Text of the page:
But does contemptus mean 'contempt,' dear? Of course not. That would imply arrogance, superiority, pride. So much that we call worldly is actually just flawed or being seen through a cracked lens. Imperfect or imperfectly understood. Who are we to judge as contemptible a thing or person whose existence God sustains? Everything, however imperfect, has its purpose. No, Tony dear, contemptus mundi means 'detachment from the world,' seeing the world sub specie aeternitatis. Enduring or celebrating it, but never forgetting—even when it seems perfect and forever—that as the Bible says: 'all this shall pass like grass before the wind.
Tony Hendra (Father Joe: The Man Who Saved My Soul)
A Rare Commodity A man’s pride will bring him low, but a humble spirit will obtain honor. PROVERBS 29:23 Humility isn’t a show we put on; in fact, if we think we’re humble, we’re probably not. And in our day of self-promotion, self-assertion, spotlighting “celebrities of the faith,” and magnifying the flesh, this quality—so greatly valued by the Lord Jesus—is a rare commodity indeed. . . . A truly humble person looks for opportunities to give himself freely to others rather than holding back, to release rather than hoarding, to build up rather than tearing down, to serve rather than being served, to learn from others rather than clamoring for the teaching stand. How blessed are those who learn this early in life. Hope Again
Charles R. Swindoll (Wisdom for the Way: Wise Words for Busy People)
It seemed there was always something of this sort on television - at virtually any hour of the day you could find a channel that was focusing on some happy minority, usually the Tibetans. This kind of entertainment struck me as uniquely hypocritical, at least until the next year when I returned home from China and tutored at a public elementary school in Missouri, where the children celebrated Thanksgiving with traditional stories about the wonderful friendship between the Pilgrims and the Indians. I realized that these myths were a sort of link between America and China - both countries were arrogant enough to twist some of their greatest failures into sources of pride. And now that I thought about it, I remembered seeing Indians dance more than a few times on American television.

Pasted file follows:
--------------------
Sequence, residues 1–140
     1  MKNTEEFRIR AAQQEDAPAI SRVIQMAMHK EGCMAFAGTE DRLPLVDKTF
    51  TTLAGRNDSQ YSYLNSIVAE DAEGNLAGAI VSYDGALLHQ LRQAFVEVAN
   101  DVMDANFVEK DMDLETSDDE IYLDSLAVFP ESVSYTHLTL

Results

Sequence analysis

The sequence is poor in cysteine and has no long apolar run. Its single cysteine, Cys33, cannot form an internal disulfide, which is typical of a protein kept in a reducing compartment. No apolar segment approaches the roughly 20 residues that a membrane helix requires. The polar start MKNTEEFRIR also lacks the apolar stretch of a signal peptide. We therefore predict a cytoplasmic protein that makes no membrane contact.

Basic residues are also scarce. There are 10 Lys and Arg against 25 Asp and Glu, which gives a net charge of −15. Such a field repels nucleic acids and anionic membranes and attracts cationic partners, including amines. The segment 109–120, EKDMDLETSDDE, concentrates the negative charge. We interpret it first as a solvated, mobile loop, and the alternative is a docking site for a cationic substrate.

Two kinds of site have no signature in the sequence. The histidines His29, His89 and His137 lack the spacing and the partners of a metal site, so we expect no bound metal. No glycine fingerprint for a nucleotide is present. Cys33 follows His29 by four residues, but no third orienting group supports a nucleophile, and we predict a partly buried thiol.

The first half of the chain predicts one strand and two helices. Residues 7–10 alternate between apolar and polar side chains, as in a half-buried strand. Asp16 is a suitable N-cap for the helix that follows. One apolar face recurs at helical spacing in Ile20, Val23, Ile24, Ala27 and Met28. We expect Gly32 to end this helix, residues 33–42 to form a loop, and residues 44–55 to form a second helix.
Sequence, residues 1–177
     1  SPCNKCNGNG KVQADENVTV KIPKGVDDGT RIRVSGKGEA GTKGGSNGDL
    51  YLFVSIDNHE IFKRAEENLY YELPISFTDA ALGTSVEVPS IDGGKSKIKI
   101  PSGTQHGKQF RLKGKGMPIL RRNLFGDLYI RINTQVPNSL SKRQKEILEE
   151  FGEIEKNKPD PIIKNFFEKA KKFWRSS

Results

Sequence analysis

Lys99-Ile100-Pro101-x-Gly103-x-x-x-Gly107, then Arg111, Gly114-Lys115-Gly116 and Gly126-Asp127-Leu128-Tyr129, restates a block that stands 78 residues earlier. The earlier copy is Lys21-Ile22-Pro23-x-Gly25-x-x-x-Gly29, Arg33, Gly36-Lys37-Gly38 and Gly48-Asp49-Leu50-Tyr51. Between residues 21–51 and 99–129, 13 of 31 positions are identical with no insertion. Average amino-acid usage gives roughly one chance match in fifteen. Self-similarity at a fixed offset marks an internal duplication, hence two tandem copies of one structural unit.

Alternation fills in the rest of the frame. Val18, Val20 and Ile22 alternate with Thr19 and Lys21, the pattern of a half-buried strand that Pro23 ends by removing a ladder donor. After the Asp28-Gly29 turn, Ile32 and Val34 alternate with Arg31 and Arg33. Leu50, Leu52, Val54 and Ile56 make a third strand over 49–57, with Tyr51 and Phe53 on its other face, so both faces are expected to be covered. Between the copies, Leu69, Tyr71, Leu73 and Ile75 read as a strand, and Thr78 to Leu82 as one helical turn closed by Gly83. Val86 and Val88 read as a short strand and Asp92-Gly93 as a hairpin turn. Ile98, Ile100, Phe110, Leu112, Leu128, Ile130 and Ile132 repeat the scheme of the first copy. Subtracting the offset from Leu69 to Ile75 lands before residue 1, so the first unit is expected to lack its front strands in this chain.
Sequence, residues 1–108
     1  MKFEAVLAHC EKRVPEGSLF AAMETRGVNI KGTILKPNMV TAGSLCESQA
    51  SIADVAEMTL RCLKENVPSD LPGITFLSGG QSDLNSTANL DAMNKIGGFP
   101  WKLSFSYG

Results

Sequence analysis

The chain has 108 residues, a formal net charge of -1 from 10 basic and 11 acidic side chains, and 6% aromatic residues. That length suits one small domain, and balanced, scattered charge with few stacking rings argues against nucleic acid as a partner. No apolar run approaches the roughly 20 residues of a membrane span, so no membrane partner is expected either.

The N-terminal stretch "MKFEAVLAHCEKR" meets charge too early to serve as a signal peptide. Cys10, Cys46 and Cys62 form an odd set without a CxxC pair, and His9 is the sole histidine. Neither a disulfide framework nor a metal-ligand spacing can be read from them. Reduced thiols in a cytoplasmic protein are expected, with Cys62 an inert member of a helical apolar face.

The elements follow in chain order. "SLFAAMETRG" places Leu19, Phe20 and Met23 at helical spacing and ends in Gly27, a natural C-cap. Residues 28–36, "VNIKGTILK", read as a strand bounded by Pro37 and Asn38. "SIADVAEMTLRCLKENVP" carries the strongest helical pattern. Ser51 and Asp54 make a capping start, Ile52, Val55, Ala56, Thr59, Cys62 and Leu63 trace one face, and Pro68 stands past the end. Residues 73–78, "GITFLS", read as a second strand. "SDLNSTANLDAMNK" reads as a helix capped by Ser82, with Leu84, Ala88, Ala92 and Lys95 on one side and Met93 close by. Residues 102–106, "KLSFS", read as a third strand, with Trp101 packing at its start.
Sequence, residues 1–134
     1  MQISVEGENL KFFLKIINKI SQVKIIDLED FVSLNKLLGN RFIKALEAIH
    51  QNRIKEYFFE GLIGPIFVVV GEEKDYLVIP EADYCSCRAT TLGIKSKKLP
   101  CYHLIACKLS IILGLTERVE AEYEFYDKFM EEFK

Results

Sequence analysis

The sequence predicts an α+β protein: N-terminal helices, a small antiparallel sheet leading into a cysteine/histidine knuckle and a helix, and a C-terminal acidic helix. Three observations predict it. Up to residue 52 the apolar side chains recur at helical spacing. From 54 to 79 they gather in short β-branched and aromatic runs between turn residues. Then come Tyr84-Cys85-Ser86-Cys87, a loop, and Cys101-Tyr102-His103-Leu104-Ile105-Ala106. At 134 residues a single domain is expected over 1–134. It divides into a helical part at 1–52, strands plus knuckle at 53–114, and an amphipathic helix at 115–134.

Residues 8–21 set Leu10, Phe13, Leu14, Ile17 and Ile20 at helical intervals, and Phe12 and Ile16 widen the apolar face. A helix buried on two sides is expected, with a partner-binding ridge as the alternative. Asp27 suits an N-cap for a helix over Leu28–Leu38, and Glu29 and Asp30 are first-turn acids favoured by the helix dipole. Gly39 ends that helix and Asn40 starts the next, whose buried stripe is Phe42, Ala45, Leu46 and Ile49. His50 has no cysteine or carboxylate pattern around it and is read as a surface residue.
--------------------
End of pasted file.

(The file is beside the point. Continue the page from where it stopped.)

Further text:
Peter Hessler (River Town: Two Years on the Yangtze)
pushing physical limits wasn’t only about gritting through a tough task but about finding enjoyment, self-confidence, and pride in one’s ability to do so.
Haley Shapley (Strong Like Her: A Celebration of Rule Breakers, History Makers, and Unstoppable Athletes)
The Eclipse ofAchievement In a society in which the dream of success has been drained of any meaning beyond itself, men have nothing against which to measure their achievements except the achievements of others. Self-approval depends on public recognition and acclaim, and the quality of this approval has undergone important changes in its own right. The good opinion of friends and neighbors, which formerly informed a man that he had lived a useful life, rested on appreciation of his accomplishments. Today men seek the kind of approval that applauds not their actions but their personal attributes. They wish to be not so much esteemed as admired. They crave not fame but the glamour and excitement of celebrity. They want to be envied rather than respected. Pride and acquisitiveness, the sins of an ascendant capitalism, have given way to vanity. Most Americans would still define success as riches, fame, and power, but their actions show that they have little interest in the substance of these attainments. What a man does matters less than the fact that he has "made it." Whereas fame depends on the performance of notable deeds acclaimed in biography and works of history, celebrity-the reward of those who project a vivid or pleasing exterior or have otherwise attracted attention to themselves-is acclaimed in the news media, in gossip columns, on talk shows, in magazines devoted to "personalities." Accordingly it is evanescent, like news itself, which loses its interest when it loses its novelty. Worldly success has always carried with it a certain poignancy, an awareness that "you can't take it with you"; but in our time, when success is so largely a function of youth, glamour, and novelty, glory is more fleeting than ever, and those who win the attention of the public worry incessantly about losing it.